Google is the media monopoly that advertisers want

Google is the media monopoly that advertisers want
Opinion: 100% Media 0% Nonsense

You can rightly complain about online monopolies like Google. But when you really think about what advertising wants from media, it’s not more competition.

“Competition is for losers,” wrote PayPal co-founder and Mark Zuckerberg ally Peter Thiel nine years ago.

Thiel’s argument is that monopolies are more stable, long-term businesses, and they have more capital. And, if you get a creative monopoly for inventing something new, it means you’ve created something really valuable.

The problem is, according to Thiel, monopolies tend to lie. They don’t want the government to regulate them, so they won’t call themselves a monopoly.

So if you’re Google, which enjoys an 89% share of the worldwide market for search, you’re better off not calling yourself a search engine anymore. Instead, Google sometimes refers to itself as an “advertising company” (which it is) and sometimes refers to itself as a “tech company” (which it is). I’m sure we’ll be expected to call it an “AI company,” too, before long.

This constant reframing allows a monopoly to portray itself as having lots of competitors. Google “competes” with Apple on TVs and smartphones and “competes” with Microsoft on office applications and “competes” with Amazon on cloud storage services. See? There’s competition everywhere!

As usual, we misunderstand what’s really going on when we focus too much on what people say instead of what people actually do. And there are people who work in media that seem to be shocked by what Google actually does behind the scenes when it comes to search advertising, of which it just happens to be the seller of ads and also the auctioneer. What could possibly go wrong?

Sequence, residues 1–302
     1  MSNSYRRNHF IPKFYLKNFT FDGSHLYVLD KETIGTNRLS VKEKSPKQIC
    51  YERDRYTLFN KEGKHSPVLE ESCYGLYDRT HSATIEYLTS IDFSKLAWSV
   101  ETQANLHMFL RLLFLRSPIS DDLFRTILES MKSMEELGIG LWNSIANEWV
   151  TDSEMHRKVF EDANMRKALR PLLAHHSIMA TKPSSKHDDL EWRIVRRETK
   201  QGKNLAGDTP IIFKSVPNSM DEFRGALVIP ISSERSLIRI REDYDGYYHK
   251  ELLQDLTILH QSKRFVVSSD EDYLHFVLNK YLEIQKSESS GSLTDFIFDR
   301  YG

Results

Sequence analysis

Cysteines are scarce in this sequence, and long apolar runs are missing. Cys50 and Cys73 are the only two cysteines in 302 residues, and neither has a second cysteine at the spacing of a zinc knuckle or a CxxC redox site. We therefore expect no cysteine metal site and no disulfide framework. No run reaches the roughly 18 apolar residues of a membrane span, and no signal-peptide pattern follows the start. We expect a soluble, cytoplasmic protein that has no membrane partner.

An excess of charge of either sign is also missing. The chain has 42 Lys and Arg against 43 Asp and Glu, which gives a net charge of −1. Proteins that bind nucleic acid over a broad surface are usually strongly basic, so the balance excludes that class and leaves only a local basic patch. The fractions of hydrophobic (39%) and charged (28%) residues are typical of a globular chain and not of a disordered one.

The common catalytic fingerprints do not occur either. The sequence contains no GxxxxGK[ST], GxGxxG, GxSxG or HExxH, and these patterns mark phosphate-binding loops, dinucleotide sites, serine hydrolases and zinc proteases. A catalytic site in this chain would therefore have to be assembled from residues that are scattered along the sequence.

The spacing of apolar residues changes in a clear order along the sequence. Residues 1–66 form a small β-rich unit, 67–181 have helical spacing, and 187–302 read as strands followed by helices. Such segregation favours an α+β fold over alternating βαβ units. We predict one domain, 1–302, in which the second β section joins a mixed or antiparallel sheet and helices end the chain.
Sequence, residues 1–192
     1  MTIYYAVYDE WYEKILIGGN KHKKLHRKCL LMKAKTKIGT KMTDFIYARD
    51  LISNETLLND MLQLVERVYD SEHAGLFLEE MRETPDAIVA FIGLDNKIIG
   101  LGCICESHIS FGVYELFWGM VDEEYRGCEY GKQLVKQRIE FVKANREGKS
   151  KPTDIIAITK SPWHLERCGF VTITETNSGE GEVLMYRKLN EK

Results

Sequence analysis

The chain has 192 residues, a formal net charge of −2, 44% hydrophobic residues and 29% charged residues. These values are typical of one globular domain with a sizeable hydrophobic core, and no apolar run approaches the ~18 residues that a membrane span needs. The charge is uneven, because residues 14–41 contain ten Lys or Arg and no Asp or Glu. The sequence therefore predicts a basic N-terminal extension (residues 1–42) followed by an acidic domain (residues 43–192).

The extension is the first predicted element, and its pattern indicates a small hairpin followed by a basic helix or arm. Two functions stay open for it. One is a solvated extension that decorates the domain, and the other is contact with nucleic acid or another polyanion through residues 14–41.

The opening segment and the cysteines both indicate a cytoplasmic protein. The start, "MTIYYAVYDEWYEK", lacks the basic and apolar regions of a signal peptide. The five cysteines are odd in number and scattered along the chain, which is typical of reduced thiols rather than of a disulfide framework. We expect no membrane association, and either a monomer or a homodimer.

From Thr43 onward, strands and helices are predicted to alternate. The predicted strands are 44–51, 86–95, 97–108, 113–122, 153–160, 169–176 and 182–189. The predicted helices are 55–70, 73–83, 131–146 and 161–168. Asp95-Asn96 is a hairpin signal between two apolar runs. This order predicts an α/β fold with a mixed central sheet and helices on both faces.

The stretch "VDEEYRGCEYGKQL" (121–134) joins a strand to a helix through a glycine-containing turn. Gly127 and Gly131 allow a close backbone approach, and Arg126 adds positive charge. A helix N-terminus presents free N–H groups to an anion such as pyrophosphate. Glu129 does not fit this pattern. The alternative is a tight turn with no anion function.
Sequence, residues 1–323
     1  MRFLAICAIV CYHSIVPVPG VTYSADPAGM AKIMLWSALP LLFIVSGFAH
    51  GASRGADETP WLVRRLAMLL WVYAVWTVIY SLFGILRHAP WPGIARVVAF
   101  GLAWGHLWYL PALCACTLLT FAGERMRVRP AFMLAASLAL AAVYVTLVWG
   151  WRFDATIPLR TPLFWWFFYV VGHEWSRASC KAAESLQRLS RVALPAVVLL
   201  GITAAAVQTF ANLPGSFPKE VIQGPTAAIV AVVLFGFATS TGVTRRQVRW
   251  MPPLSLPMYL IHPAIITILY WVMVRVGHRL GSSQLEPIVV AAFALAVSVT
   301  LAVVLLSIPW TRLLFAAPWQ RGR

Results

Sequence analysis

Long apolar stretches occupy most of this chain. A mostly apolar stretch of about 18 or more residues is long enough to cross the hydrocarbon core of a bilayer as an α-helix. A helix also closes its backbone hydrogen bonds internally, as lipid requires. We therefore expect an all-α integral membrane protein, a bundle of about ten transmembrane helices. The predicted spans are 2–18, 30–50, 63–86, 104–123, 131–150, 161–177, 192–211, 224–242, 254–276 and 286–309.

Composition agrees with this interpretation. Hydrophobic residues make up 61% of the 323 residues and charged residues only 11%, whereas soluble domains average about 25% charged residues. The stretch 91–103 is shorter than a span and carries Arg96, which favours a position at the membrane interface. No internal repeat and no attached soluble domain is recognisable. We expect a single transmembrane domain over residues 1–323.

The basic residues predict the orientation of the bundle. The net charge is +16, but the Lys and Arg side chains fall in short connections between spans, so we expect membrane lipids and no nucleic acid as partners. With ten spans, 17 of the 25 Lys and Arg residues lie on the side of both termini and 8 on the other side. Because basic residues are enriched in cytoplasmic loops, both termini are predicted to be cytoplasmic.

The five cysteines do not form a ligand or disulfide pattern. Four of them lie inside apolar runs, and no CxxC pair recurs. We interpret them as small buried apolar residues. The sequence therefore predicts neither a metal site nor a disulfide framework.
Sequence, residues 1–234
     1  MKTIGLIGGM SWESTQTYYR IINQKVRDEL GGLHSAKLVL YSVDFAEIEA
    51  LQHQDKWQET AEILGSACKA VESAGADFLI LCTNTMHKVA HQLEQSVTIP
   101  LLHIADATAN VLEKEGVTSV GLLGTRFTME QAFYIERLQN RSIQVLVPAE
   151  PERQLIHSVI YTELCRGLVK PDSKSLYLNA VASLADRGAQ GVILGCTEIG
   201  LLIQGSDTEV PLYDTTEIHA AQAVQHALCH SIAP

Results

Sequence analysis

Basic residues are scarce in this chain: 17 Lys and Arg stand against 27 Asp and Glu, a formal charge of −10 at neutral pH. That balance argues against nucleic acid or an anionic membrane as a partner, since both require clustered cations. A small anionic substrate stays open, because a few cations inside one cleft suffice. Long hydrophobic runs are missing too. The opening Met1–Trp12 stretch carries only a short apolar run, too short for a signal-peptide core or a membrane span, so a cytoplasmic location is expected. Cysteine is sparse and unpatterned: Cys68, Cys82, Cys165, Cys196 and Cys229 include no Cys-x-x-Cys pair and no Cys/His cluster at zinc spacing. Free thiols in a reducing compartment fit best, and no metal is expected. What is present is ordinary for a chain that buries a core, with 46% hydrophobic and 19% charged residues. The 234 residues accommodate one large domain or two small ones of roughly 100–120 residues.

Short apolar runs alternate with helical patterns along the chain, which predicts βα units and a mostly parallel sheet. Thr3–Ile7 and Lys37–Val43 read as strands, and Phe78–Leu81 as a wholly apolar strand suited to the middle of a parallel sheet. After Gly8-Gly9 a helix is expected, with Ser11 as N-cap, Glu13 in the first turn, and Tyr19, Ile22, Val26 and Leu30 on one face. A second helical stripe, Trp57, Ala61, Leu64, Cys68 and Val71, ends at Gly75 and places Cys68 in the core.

Shaking the cushions

“Google has tweaked its advertising auctions to ensure it meets revenue targets, sometimes increasing ad prices by as much as 5%, an executive for the company testified,” Bloomberg News reported last week at the beginning of a federal antitrust trial in the US.

The Justice Department alleges that Google has illegally maintained a monopoly over online search by paying billions of pounds to web browsers and smartphone manufacturers to ensure it is the default option for users accessing the web. As part of those deals, Google pays Apple, Samsung, and others a share of the revenue it earns from search advertising. In 2020, that was more than £100bn — about two-thirds the market capitalisation of Disney today, or roughly 12 times the size of WPP.

“We tend not to tell advertisers about pricing changes,” Jerry Dischler, vice president for Google’s advertising products was quoted as saying during the trial. Apparently, the company “frequently” makes changes to the auctions it uses to sell search ads. In one May 2019 email, Dischler and his team discussed how they were “shaking the cushions” to find potential changes to the ad auctions that would ensure Google met the revenue targets that chief financial officer Ruth Porat had conveyed to Wall Street for the quarter.